Of course, as soon as I dared think of my ideal scene and write my first goal, I was overwhelmed with doubts and fears. Dealing with those doubts and fears was probably the most important work I did. It took me about five years of constant course correction to reach the first of my goals—a profitable business supporting myself and others easily and effortlessly—and about ten years to fully realize my ideal scene, which included a beautiful home in northern California, in one of the most beautiful places I had ever seen on earth.

The Three Essentials

Over the years, I’ve come to understand that success in business is really very simple. It is not rocket science or brain surgery; it requires only the simplest of math skills. It is much simpler than being a parent, for example, because business follows certain essential rules that have been unchanged for centuries, while when you’re a parent, the rules keep changing, and endless creativity is required.

There are simply three things you need to have together to create success:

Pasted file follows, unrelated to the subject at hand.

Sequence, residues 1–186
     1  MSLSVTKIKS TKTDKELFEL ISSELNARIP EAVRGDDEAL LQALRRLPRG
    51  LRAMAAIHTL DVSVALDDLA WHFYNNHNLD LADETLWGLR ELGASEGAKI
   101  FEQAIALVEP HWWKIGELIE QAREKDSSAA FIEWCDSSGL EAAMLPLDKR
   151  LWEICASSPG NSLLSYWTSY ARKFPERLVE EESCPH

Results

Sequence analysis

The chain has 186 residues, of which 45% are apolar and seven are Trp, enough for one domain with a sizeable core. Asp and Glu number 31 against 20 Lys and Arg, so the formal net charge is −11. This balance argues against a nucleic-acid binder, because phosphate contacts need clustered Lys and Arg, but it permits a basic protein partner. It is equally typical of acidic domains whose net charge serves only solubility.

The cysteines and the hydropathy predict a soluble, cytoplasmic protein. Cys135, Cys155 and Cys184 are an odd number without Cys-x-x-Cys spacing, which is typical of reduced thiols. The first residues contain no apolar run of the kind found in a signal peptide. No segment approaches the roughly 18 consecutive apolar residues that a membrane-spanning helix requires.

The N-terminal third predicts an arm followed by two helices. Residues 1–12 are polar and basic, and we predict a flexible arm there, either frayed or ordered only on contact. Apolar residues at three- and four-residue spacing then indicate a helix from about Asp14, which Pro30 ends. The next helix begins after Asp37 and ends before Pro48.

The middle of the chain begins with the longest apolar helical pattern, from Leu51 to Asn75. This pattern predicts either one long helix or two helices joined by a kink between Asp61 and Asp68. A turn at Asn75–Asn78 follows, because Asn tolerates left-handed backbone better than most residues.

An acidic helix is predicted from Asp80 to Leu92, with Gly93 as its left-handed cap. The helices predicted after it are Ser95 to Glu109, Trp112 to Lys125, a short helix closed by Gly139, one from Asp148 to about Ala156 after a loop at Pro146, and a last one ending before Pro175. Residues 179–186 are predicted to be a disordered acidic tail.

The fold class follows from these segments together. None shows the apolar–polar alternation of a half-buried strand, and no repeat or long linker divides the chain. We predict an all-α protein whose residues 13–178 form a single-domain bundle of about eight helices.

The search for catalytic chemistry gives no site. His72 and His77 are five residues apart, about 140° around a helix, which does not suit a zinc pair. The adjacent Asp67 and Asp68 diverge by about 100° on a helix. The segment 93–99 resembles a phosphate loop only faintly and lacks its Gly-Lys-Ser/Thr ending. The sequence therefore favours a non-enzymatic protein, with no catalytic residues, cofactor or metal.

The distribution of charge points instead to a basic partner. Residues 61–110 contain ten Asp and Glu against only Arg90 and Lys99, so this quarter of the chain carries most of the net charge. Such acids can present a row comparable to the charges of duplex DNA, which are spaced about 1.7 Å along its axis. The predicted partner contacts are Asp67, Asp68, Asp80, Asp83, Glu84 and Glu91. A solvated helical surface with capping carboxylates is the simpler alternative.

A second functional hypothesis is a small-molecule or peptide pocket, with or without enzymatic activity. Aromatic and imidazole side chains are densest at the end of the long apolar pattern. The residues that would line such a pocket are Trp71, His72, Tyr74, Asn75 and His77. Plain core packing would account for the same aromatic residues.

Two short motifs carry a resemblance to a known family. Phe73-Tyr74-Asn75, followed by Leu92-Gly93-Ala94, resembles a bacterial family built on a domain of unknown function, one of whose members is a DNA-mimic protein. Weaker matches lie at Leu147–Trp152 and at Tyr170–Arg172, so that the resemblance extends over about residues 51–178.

1. Your product or service. The key here is to make it the best you can—and, ideally, do what you love to do. Don’t settle for less.

2. Marketing and sales. It is essential to find some way to market your product or service. The key here is to have a multipronged strategy. Keep aware there are a huge number of different ways to sell your product or service. Never put your eggs in one basket. Try something—anything—and if that doesn’t work, try something else. Try something that has proved effective in the past, and then try something that has never been done. Keep trying, and one way or another you’ll stumble onto something that works. As the actor Bert Lahr said, “Keep on the merry-go-round long enough, and you’re bound to catch the brass ring, sooner or later.”

3. Financial controls. You have to have the same kind of controls in business that you have in your daily life. In your personal life, you have to spend less than you earn, or you head into debt. In a business, keep your expenses as low as possible, and get to the point as soon as you can where your income exceeds your expenses.

Keep watching those expenses. Break out all your expenses into different categories, and compare them with industry averages. Don’t get way out of line in any category.

With good financial controls, you can have a successful, profitable business with a relatively modest income; with bad financial controls, you can blow it on any level, even when you’re making millions (or, like Enron, billions).